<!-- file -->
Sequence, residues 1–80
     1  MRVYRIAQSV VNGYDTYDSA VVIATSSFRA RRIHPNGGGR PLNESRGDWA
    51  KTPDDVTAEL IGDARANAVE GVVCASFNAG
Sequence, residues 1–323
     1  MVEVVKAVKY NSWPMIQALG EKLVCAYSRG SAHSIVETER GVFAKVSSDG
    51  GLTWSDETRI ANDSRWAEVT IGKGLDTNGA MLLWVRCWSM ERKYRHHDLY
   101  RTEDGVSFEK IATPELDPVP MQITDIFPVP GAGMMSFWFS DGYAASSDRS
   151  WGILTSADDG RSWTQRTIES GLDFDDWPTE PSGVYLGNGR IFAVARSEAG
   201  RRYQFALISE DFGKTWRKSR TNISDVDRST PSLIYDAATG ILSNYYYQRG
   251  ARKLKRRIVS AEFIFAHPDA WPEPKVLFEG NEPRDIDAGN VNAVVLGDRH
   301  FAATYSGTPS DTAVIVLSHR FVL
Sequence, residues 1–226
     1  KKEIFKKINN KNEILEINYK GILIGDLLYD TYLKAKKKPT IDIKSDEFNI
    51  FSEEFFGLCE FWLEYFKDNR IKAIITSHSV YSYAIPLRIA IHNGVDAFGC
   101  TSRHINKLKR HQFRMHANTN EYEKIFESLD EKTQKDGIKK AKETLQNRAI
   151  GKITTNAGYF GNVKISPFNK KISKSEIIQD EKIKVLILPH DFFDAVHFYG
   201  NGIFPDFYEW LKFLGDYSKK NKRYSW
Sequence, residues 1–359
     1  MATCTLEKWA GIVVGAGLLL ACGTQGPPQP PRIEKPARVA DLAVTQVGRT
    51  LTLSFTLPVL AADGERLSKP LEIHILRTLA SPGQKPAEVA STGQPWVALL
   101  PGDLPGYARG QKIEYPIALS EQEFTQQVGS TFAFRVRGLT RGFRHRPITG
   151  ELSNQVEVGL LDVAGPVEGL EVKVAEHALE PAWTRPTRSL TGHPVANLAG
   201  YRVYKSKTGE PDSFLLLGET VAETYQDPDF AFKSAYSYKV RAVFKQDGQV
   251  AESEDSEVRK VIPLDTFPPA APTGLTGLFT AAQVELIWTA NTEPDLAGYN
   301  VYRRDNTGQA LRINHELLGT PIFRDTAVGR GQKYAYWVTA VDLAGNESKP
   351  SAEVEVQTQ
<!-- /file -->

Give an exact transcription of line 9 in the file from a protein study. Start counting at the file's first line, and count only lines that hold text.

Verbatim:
   201  RRYQFALISE DFGKTWRKSR TNISDVDRST PSLIYDAATG ILSNYYYQRG